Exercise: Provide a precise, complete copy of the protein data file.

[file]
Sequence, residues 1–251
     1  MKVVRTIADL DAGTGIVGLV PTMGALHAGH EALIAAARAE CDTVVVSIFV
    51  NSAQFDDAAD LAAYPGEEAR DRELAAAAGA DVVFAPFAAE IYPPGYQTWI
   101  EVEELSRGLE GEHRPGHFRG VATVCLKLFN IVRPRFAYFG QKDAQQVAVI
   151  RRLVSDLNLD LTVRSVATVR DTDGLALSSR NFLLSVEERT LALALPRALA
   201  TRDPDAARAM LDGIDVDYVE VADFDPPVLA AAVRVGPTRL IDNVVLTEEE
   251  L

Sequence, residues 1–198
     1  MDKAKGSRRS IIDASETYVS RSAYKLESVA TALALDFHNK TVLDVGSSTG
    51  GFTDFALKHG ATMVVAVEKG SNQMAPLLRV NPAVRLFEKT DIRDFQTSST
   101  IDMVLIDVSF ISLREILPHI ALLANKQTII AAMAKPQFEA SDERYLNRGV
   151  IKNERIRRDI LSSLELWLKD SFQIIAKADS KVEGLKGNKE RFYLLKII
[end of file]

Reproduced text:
Sequence, residues 1–251
     1  MKVVRTIADL DAGTGIVGLV PTMGALHAGH EALIAAARAE CDTVVVSIFV
    51  NSAQFDDAAD LAAYPGEEAR DRELAAAAGA DVVFAPFAAE IYPPGYQTWI
   101  EVEELSRGLE GEHRPGHFRG VATVCLKLFN IVRPRFAYFG QKDAQQVAVI
   151  RRLVSDLNLD LTVRSVATVR DTDGLALSSR NFLLSVEERT LALALPRALA
   201  TRDPDAARAM LDGIDVDYVE VADFDPPVLA AAVRVGPTRL IDNVVLTEEE
   251  L

Sequence, residues 1–198
     1  MDKAKGSRRS IIDASETYVS RSAYKLESVA TALALDFHNK TVLDVGSSTG
    51  GFTDFALKHG ATMVVAVEKG SNQMAPLLRV NPAVRLFEKT DIRDFQTSST
   101  IDMVLIDVSF ISLREILPHI ALLANKQTII AAMAKPQFEA SDERYLNRGV
   151  IKNERIRRDI LSSLELWLKD SFQIIAKADS KVEGLKGNKE RFYLLKII